Off-duty police officer killed in traffic mishap

May 24, 1993|By Peter Hermann and Richard Irwin | Peter Hermann and Richard Irwin,Staff Writers

An off-duty Baltimore City police officer was killed lat Saturday on Northern Parkway when his speeding motorcycle crashed into the side of a station wagon driven by a motorist whose license had been suspended, authorities said yesterday.

Officer Craig Joseph Simms, 28, of the 3300 block of Oakfield Ave., who had been assigned to the Northern District for three years, was pronounced dead at Sinai Hospital at 10:50 p.m., about 40 minutes after the accident.

Agent Doug Price, a city police spokesman, said Officer Sims was riding his 1991 Suzuki motorcycle west in the 3800 block of W. Northern Parkway, in Northwest Baltimore, when he hit the vehicle driven by Robert Leo Quattlebaum.

Mr. Quattlebaum, 38, who gave his address as the Town House Motor Hotel on Reisterstown Road, was turning east onto Northern Parkway from the southbound lane of Jonquil Avenue when the motorcycle hit his 1974 Ford Fairmont, police said.

Witnesses told police the motorcycle had been traveling well above the posted 35 mph speed limit.

City police charged Mr. Quattlebaum with driving while intoxicated and driving on a suspended Pennsylvania license. He was being held last night in the Northwestern District lockup in lieu of $2,500 bail.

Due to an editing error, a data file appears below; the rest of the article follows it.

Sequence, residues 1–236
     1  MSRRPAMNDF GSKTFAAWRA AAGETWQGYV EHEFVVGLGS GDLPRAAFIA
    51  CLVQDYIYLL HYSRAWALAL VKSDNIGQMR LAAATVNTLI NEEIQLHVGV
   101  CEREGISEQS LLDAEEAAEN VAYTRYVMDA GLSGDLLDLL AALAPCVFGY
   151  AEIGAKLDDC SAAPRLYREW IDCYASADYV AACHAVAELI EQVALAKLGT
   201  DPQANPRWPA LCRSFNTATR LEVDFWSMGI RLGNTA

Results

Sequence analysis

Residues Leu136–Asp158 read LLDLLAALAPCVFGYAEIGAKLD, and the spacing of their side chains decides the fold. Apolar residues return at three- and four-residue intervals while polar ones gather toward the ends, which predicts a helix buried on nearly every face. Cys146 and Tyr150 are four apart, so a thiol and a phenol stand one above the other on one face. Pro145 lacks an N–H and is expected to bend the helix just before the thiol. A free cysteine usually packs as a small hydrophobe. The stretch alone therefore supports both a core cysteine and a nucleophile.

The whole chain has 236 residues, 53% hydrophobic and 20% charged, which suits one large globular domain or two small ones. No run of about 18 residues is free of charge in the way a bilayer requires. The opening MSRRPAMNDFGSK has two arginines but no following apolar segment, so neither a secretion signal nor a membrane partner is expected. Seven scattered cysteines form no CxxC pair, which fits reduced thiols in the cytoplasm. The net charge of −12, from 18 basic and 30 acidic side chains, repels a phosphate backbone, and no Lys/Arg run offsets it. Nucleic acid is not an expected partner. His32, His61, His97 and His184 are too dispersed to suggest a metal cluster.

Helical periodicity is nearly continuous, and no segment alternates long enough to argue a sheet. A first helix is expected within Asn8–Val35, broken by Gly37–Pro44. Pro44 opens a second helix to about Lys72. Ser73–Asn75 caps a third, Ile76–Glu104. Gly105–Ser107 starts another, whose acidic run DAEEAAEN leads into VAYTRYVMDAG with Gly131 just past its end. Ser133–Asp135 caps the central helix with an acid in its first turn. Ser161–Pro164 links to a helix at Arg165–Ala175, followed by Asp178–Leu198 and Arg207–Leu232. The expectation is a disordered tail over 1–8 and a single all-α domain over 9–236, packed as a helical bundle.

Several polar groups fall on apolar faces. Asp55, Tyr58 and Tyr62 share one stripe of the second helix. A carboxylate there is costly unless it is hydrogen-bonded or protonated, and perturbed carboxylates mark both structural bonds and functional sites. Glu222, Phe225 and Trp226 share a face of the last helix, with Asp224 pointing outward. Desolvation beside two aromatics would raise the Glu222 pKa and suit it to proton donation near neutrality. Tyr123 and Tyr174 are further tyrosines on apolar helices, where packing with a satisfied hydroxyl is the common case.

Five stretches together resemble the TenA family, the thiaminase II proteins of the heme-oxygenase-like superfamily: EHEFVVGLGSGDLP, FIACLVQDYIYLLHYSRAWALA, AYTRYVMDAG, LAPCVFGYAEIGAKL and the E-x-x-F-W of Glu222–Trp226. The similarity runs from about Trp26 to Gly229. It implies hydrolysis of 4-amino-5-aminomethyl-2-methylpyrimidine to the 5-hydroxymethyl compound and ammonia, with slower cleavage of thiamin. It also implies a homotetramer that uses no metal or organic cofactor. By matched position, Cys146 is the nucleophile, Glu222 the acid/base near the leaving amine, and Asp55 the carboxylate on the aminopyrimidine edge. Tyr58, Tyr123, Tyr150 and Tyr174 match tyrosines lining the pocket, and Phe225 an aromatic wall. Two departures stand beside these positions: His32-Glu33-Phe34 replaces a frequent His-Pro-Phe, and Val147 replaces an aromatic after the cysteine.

The spokesman said the state's attorney's office will review the case and decide whether other charges will be lodged against Mr. Quattlebaum.

Charging documents filed yesterday with a District Court commissioner stated that a city police officer smelled alcohol on the man's breath while talking to him at the scene of the accident.

Despite a Breathalyzer test that turned up no trace of alcohol, police charged Mr. Quattlebaum with driving while intoxicated on the basis of the smell on his breath and his telling the police that he been drinking, said Officer Tony Petralia, of the Traffic Investigation Section.

Despite wearing a helmet, Officer Simms suffered severe head injuries.

"I think his injuries were so serious, there wasn't much they [the hospital] could do for him," Agent Price said.

Funeral arrangements were incomplete yesterday.

Lt. Wendell M. France, Officer Simms' shift commander, said the young man lived in Northwest Baltimore with his parents. He joined the force in January 1990. "He was a good officer," the lieutenant said.

Officer Simms had Saturday off and was last seen by his colleagues at a baseball game that morning involving officers from the Northern District.

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